The emerging-market currency sell-off has accelerated throughout trading in Asia on Friday, including the Indonesian Rupiah sinking to levels that prompted the Bank Indonesia (BI) to intervene and stabilize the market. While the Indonesian Rupiah has so far led the headlines after a plunge in currency value, the Malaysian Ringgit has also suffered from an extreme round of weakness and the offshore Chinese Yuan looks set to continue its course of hitting further historic lows against the Dollar.
While the declines seen in Asian currencies are being linked to the impact of trade throughout the continent if Donald Trump enforces protectionist trade policies, the return of expectations that the Federal Reserve will still raise US interest rates in December is strengthening the Dollar and also pressuring the emerging market currencies. If the Federal Reserve does not raise US interest rates in December as they have been preparing the markets towards for months following such a spectacular rebound in stocks after the victory by Trump, it will raise questions over credibility and concerns that they are worried about Donald Trump taking over office in January.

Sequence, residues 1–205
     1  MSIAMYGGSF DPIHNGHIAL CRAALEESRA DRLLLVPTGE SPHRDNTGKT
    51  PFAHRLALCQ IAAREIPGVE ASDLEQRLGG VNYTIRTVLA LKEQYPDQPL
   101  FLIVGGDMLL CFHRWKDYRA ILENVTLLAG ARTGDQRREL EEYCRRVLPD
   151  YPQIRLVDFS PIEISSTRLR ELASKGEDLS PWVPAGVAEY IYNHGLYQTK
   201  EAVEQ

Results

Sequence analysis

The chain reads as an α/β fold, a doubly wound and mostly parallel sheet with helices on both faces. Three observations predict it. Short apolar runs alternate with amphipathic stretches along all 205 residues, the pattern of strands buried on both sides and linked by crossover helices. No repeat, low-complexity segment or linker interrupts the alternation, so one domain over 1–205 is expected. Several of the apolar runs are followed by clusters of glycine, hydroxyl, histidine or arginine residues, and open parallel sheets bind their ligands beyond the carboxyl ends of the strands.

There is also a prolonged threat to emerging market currencies that once Donald Trump completes his inauguration early next year that he will publicly encourage higher US interest rates during the course of his presidential term. While the Federal Reserve is independent to any political party or government, the expectations that Trump will encourage faster monetary policy normalization is a real threat to the emerging markets.
Overall the combination between the initial response that fiscal stimulus encouraged by Trump should provide a boost to the US economy and also encourage increased interest rates in the United States should in theory result in projections that the Dollar Index could break the psychological level at 100.
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